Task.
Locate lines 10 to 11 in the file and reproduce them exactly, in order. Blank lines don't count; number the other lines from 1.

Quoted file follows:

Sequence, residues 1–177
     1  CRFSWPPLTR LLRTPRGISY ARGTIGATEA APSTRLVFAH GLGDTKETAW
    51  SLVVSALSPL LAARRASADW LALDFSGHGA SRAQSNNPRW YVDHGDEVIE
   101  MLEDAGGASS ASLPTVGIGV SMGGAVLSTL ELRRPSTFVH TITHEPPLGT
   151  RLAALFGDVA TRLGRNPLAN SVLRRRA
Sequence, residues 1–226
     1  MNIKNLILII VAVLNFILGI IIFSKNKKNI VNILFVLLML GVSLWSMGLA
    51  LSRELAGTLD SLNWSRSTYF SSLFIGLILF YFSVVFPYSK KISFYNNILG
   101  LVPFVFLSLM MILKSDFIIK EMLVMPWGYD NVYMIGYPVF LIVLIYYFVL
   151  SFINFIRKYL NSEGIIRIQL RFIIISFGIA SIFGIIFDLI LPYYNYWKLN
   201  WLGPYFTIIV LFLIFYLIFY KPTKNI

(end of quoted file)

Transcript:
   151  SFINFIRKYL NSEGIIRIQL RFIIISFGIA SIFGIIFDLI LPYYNYWKLN
   201  WLGPYFTIIV LFLIFYLIFY KPTKNI